He had me at “fetid.” Other really good bits are at 28 minutes, 35 minutes, 37 minutes and 40 minutes.
Our then-pastor, Leigh Lehocky, welcomes Pope John Paul II to St. Peter’s on Sept. 11, 1987. Sadly, I missed this part.
In a comment on a previous post, Doug T. asked me to address the death of Jim Holderman. I did, but it’s one of those things that I know so much about that it’s hard to tell whether what I said would make sense to someone who didn’t live through the same things. So I emailed Doug to ask whether I had adequately addressed his question.
Doug wrote back and mused further on the subject, at one point saying, “Remember when Holderman brought the Pope to Columbia? A really big deal…” He also mentioned something about all the hype about how Columbia would be immobilized, and how that scared people away (Doug included), so that there was just a pitiful few lining his motorcade route…
And I replied as follows…
Oh yeah, I definitely remember the Pope’s visit.
I learned about it the day I came to Columbia to interview for the job of governmental affairs editor at The State. It was like the beginning of July 1987. I’m thinking Tom McLean told me about it over breakfast, which was how I started the long day of interviews.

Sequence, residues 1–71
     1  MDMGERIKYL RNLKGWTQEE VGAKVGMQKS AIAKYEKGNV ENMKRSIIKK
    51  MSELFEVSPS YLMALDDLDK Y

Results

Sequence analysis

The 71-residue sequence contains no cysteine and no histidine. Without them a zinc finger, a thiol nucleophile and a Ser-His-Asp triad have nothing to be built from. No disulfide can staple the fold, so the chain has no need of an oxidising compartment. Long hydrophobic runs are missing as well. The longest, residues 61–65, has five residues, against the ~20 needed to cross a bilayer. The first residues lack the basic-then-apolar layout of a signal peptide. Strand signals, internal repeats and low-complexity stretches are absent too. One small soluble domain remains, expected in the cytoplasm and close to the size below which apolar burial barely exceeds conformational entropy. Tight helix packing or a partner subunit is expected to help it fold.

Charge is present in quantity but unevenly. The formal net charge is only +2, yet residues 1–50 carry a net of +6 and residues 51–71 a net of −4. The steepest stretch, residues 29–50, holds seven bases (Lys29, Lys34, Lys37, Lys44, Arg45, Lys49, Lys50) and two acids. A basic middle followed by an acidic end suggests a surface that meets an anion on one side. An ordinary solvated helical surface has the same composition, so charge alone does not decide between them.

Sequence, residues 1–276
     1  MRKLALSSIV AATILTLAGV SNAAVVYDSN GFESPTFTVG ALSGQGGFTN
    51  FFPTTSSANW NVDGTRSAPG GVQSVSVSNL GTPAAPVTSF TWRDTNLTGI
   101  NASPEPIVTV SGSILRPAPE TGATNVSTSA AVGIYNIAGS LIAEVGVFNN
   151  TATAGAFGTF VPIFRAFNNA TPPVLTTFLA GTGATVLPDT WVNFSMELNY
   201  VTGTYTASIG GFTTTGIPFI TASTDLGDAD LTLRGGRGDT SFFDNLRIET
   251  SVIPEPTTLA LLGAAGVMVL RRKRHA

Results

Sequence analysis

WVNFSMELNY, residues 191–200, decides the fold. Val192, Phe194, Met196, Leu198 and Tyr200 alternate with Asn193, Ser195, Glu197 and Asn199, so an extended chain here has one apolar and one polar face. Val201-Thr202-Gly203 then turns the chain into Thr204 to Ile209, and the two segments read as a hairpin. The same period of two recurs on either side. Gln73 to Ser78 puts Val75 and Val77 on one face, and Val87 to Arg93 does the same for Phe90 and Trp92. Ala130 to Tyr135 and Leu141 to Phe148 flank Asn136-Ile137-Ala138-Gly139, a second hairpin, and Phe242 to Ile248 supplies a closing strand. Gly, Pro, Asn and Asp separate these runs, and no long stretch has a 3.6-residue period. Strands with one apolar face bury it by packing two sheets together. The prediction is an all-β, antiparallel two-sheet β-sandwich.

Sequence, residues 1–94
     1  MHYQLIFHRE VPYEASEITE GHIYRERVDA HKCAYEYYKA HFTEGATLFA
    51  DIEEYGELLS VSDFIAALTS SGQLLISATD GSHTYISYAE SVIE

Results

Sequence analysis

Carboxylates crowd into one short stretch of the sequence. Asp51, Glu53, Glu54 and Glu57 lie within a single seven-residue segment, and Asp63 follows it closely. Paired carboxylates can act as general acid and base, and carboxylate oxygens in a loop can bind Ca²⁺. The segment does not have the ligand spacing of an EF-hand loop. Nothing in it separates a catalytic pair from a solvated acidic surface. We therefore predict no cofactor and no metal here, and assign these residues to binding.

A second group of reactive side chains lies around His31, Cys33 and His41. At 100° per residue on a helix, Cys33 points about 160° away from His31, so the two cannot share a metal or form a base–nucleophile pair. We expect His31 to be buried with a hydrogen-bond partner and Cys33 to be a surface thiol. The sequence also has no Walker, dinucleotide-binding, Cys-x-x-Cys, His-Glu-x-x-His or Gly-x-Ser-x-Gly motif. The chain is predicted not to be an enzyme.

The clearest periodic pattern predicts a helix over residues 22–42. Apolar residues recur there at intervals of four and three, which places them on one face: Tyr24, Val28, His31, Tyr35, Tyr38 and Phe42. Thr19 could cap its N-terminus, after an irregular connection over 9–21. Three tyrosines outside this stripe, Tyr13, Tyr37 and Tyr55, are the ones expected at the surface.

I also learned that in the next few months Billy Graham would be having a Crusade here. I thought, “Seems like God’s trying to tell me something. Maybe I ought to come here, too.”
Sorry about scaring everybody away like that. I kind of thought my fellow editors were overblowing that, but I was the new guy, and widely regarded as the “Knight Ridder spy,” so who was going to listen to me?
We planned for it like the Normandy invasion. It was the first time I ever used a mobile phone. It was a huge bag phone. I was asked to take it home with me, sometime before the day the Pope came, and try it out. While stopped at the traffic light at Huger and Blossom, I called home and said, “Guess what I’m doing! I’m calling you from the car!”
We got the phones because we assumed our reporters at the Horseshoe and even at the stadium — which was right next to the newspaper building — would be immobilized by the crowds, and this would be the only way we could communicate.